Results tagged pistachio from David Lebovitz

Two things have surprised me recently*. One is the sudden surge of small-scale ice cream shops that have opened in Paris. Which means my ship has definitely passed on opening my own place as others got to it first. Shops like Senoble, Glaces Glazed, Une Glace à Paris, Sucre Glace, and La Paleteria are churning out ice cream across Paris, some even staying open in…

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Over the past few years, there’s been a growing interest in intéressants roots and greens in Paris. It’s not that they don’t, or didn’t, exist in France. It’s just that many either fell out of favor or were oubliés (forgotten). And now, many are returning. At the market, we now get kale, kale sprouts, rainbow chard, and every so often ail des ours (bear’s garlic) will…

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Épices & Saveurs Although it may seem like your typical Arabic épicerie (food shop), of which there are many in Paris, I’ve shopped a lot of them and found Épices & Saveurs especially well-stocked. The place is as neat a pin and in addition to the usual line-up of harissas, nuts and dried fruits in bulk, olive oils, and spices, I always find curiosities on the…

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Mansoura

One of the appeals of Brooklyn is the rich ethnic mix of cultures, cuisines, and traditions, that is somewhat of a microcosm of America. Many of our grandparents, including mine, arrived on Ellis Island and assimilated to life in America in New York City. And it still remains a lively, if sometimes uncomfortable, mix of upscale, downscale, rich, poor, happy, angry, frustrated, and content. But everybody’s gotta…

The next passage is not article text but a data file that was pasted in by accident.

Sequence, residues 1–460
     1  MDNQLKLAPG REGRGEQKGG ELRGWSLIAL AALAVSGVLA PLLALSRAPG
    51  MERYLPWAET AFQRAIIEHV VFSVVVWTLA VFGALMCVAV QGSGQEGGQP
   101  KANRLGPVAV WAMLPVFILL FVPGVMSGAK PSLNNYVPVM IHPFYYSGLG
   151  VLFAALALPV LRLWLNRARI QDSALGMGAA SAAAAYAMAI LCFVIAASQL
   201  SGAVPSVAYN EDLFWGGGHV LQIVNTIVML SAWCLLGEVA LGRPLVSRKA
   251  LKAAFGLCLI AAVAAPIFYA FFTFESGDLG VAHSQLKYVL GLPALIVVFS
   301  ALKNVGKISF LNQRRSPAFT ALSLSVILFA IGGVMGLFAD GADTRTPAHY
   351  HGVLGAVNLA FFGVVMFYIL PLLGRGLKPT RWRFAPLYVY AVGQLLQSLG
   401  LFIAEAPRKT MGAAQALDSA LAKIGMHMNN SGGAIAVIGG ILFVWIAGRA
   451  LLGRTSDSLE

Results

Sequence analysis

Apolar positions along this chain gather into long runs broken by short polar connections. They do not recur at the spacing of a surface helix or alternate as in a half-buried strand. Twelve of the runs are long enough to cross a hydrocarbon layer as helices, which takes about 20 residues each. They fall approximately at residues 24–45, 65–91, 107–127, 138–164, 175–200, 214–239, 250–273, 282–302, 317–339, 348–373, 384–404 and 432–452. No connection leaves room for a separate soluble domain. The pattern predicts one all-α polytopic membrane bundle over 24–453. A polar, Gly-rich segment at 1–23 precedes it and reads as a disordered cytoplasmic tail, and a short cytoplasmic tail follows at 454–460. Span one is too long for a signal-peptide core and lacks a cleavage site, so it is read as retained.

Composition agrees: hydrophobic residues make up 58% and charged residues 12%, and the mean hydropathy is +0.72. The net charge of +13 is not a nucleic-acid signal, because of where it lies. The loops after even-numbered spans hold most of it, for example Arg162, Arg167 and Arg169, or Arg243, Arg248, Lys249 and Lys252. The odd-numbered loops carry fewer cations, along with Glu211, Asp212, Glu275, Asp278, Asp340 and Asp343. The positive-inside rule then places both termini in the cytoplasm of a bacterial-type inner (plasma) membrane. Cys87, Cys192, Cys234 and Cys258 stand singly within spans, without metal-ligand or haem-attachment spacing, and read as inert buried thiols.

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May is the month of holidays in France. There are eleven public holidays a year, called jours fériés, which we might call “bank holidays” in the United States. They’re official holidays/dates when government offices, schools, banks, and most stores are closed, except for a few supermarkets, convenience stores, and bakeries, which need to follow certain rules as to when they can close in the summer, so they’re…

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When I lived in San Francisco, we used to joke (lovingly) that whenever we went to Zuni Café, that there would be at least three things on the menu that you had to ask the server what they were. On the other hand, I think if you asked ten people in Paris what aillade is, ten out of ten wouldn’t know either. Unless they were…

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When I was in Sicily, either it slipped my mind, or my mind is slipping, because for one evening, I was supposed to be responsible for making something for dessert. I was offered a number of beautiful things to cook or bake with, and my mind kept wandering back to the heavenly ricotta cheese that we’d seen being made earlier that day. Since we brought…

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Due to our closeness to Italy, it’s fairly easy to find an Italian épicerie in almost any Parisian neighborhood. (Although locating an authentic Italian espresso is a little more elusive.) I’m fortunate because there are two excellent Italian épiceries (speciality food shops) close to where I live, but most of the places get their items from a distributor, which means the selection is somewhat narrow….

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Sicily

I’ve been living in what is arguably the center of Europe for a while now (and I’m certain someone will get out their ruler and argue that technically, I don’t actually reside in the precise center of the continent – but let’s just go with that for the sake of the story), I don’t visit other countries as often as I’d like. It’s so easy…

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